Intercepts

The Navy issued new guidance July 25 on how to identify information technology jobs that are 'inherently governmental' and others that are open to being outsourced.

Inherently Outsourced

The Navy issued new guidance July 25 on how to identify information

technology jobs that are "inherently governmental" and others that are open

to being outsourced [see story, Page 54]. The Navy's chief information officer,

Dan Porter, acknowledges in the cover letter that programs such as the Navy/Marine

Corps Intranet are changing the government IT landscape by introducing more

cost- efficient business practices that require greater industry participation.

But one other thing seems clear from the list of job titles included in

the document: As long as your government job is located on the right end

of the so-called N/MCI umbilical cord — like aboard a ship or at an overseas

facility — it's safe.

Carnivore and Echelon

Barely a day goes by that a newspaper doesn't feel the need to run a

story on how Europeans are up in arms about the National Security Agency's

global electronic surveillance system known as Echelon or on how Americans

are ready to protest the FBI's Carnivore e-mail sniffer.

However, my mobile receive station near Bad Aibling, Germany (a major

node in the Echelon network), reports that senior U.S. officials are confident

that NSA's activities are legal. A senior State Department official who

was involved in Echelon operations at Bad Aibling said the debate is little

more than a symptom of the European backlash against what they see as U.S.

hegemony. The furor has made no mention of when Echelon was responsible

for "providing the German government incontrovertible evidence that German

firms were involved in the construction of a poison gas facility near Rapta,

Libya," he said. "Enough already."

Meanwhile, a federal appeals court ruled last week that the FBI must meet

the highest legal standards to examine packet data — such as e-mail — transmitted

via commercial Internet providers. This may make the FBI's Carnivore illegal,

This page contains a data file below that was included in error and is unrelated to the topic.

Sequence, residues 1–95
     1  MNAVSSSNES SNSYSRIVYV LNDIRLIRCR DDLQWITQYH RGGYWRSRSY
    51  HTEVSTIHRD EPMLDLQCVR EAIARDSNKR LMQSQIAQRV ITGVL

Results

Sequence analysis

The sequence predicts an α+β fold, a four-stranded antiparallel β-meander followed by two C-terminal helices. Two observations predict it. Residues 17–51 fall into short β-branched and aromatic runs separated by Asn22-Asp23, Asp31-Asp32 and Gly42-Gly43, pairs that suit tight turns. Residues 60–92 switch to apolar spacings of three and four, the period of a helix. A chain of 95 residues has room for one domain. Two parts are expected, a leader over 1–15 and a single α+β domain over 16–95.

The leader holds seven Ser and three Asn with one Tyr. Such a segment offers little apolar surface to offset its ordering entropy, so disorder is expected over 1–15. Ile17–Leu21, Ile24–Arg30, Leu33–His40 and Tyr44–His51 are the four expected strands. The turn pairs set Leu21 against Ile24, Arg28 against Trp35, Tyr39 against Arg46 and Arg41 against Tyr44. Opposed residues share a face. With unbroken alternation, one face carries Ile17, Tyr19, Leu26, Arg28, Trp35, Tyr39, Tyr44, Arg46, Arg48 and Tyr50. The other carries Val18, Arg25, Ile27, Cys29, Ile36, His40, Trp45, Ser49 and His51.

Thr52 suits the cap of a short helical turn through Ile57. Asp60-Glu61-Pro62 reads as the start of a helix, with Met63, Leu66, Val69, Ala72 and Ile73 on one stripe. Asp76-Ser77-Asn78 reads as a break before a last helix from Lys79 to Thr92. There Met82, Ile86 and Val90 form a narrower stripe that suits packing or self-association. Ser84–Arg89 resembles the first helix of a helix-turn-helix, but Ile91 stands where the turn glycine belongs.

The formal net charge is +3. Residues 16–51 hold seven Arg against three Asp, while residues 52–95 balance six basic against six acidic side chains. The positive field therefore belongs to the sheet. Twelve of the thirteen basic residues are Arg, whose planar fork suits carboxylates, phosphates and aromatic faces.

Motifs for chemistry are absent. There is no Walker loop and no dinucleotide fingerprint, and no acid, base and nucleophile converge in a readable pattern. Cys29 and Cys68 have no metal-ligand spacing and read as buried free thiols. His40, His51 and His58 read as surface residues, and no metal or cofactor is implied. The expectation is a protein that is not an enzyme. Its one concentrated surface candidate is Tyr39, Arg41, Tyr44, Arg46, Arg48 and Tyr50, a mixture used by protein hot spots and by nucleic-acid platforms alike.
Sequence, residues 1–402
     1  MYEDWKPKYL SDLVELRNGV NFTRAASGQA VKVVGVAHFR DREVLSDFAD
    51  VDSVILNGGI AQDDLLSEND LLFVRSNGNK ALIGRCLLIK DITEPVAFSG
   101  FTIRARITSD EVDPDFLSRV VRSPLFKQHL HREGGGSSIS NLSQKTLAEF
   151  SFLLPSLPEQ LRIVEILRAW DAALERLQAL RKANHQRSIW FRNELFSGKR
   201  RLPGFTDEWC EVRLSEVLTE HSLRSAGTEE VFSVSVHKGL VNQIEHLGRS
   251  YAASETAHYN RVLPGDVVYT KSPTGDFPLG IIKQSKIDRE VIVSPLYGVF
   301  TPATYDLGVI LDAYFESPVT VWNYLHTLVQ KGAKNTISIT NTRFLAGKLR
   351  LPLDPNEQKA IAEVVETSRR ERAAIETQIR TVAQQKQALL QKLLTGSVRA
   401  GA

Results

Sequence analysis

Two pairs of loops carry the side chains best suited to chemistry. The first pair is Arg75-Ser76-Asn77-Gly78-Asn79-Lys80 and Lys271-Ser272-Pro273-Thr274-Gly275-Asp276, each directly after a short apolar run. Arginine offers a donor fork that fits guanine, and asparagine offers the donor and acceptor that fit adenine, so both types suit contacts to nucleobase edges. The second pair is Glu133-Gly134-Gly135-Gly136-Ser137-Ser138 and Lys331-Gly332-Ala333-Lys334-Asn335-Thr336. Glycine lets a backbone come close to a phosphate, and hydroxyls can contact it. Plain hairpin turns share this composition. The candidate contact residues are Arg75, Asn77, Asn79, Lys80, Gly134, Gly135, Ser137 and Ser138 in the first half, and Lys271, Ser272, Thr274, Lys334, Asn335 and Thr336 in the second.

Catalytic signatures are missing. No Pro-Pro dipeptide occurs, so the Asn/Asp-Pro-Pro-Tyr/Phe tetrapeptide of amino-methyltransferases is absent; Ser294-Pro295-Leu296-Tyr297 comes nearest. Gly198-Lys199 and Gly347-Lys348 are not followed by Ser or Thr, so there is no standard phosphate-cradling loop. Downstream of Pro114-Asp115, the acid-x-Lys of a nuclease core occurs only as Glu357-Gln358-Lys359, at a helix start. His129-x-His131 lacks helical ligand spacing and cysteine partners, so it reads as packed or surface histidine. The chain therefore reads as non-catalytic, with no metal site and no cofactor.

according to sources.

My IRS receive station summed up the issue for me in an e-mail: "Thomas

Jefferson once said: "Those who desire to give up freedom in order to gain

security will not have, nor do they deserve, either one.' It seems that

while technology has advanced, principles of civilization are unchanging."

Lessons for DISA

While we're fresh from the Carnivore debate, somebody may want to ensure

that the Defense Information Systems Agency touches all bases when it rolls

out an intrusion-detection pilot project this summer at the Global Network

Operations Center. My Courthouse Road listening post has picked up signals

that DISA is testing an analysis system that will paint a picture of all

"questionable" activities on both the secure and nonsecure versions of the

Pentagon's Internet Protocol Routing Network.

Gold Nuggets

This year's Joint Warrior Interoperability Demonstration, held last

month at the Joint Forces Command in Suffolk, Va., ended with several "Gold

Nugget" demonstrations that proved themselves worthy of further refinement

at next year's demo. One included the use of a smart card that allowed officers

to move from desktop to desktop while retaining their personalized online

work environment. Another nugget was a space-based system that enabled commanders

to predict exactly when commercial satellites used by the enemy are in position

to track friendly forces.

DOD has come a long way since the Interceptor took part in JWID-95.

I can remember when the Intelligence Analysis System and the Global Command

and Control System were installed on two identical laptops but couldn't

talk to each other.

Intercept something? Send it to antenna@fcw.com.

NEXT STORY: N.Y. county making strides online

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